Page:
</li><li> The <code>NS_NOINTERFACE</code> error is never reported when returned by a JavaScript object's <code>GetInterface()</code> method on the <code>nsIInterfaceRequestor</code> interface.
</li><li> All other errors are reported when the last JavaScript frame on the stack returns to a C++ caller without handling the exception.
</li></ol>
<p>That last point deserves clarification.  Consider this call chain:
</p><p><img alt="Image:Exception-logging.png" src="File:en/Media_Gallery/Exception-logging.png">
</p><p>Here we see C++ code calling JavaScript, which calls back into C++, which then calls back into JavaScript.
</p><p>If the JavaScript in frame 4 throws an exception, the exception is returned as an error code to the C++ in frame 3. No exception will be logged to the <a href="en/Error_Console">Error Console</a> in this case.  That C++ may handle the error, generate a different error, or simply pass it straight back to the JS in frame 2. If the JavaScript in frame 2 either receives an exception from frame 3 or generates its own exception, and that exception remains unandled, then the exception will always be logged to the <a href="en/Error_Console">Error Console</a> before control returns to the C++ in frame 1.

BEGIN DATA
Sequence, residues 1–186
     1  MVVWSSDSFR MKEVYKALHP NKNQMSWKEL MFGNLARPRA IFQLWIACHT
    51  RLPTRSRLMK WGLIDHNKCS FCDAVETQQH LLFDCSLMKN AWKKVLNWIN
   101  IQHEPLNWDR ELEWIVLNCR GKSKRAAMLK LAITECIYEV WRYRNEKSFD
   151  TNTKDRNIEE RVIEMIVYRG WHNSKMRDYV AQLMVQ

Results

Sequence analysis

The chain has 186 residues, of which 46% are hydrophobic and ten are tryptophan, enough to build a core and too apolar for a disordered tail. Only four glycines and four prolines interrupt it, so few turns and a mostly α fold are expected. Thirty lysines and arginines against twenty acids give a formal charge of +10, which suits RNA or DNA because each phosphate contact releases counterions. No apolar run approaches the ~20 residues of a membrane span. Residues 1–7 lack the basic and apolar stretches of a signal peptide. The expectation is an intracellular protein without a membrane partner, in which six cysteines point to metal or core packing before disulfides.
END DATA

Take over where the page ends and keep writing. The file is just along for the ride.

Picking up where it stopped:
</p><p>In other words, all unhandled JavaScript exceptions (except those in rules 3 and 4 above) will be logged before control returns to the outermost C++ caller.
</p>
<h3 name="Forcing_all_exceptions_to_be_logged">Forcing all exceptions to be logged</h3>
<p>Sometimes you might actually want to see all exceptions from inner JavaScript frames logged (in the call chain above that would be when an exception is unhandled in frame 4). 
</p><p>There are two ways you can accomplish this.
</p><p>First, you can set the environment variable <tt>MOZ_REPORT_ALL_JS_EXCEPTIONS</tt>.  It doesn't matter what value you set this to (it can even be 0).  If the variable exists, all exceptions from inner frames will be reported.
</p><p>Alternately, you can set the boolean preference <tt>dom.report_all_js_exceptions</tt>.  If this preference is <code>true</code>, all exceptions from inner frames will be logged.
</p>
<h3 name="See_also">See also</h3>
<ul><li> <a href="en/Error_Console">Error Console</a>
</li><li> {{template.Bug(415498)}}
</li></ul>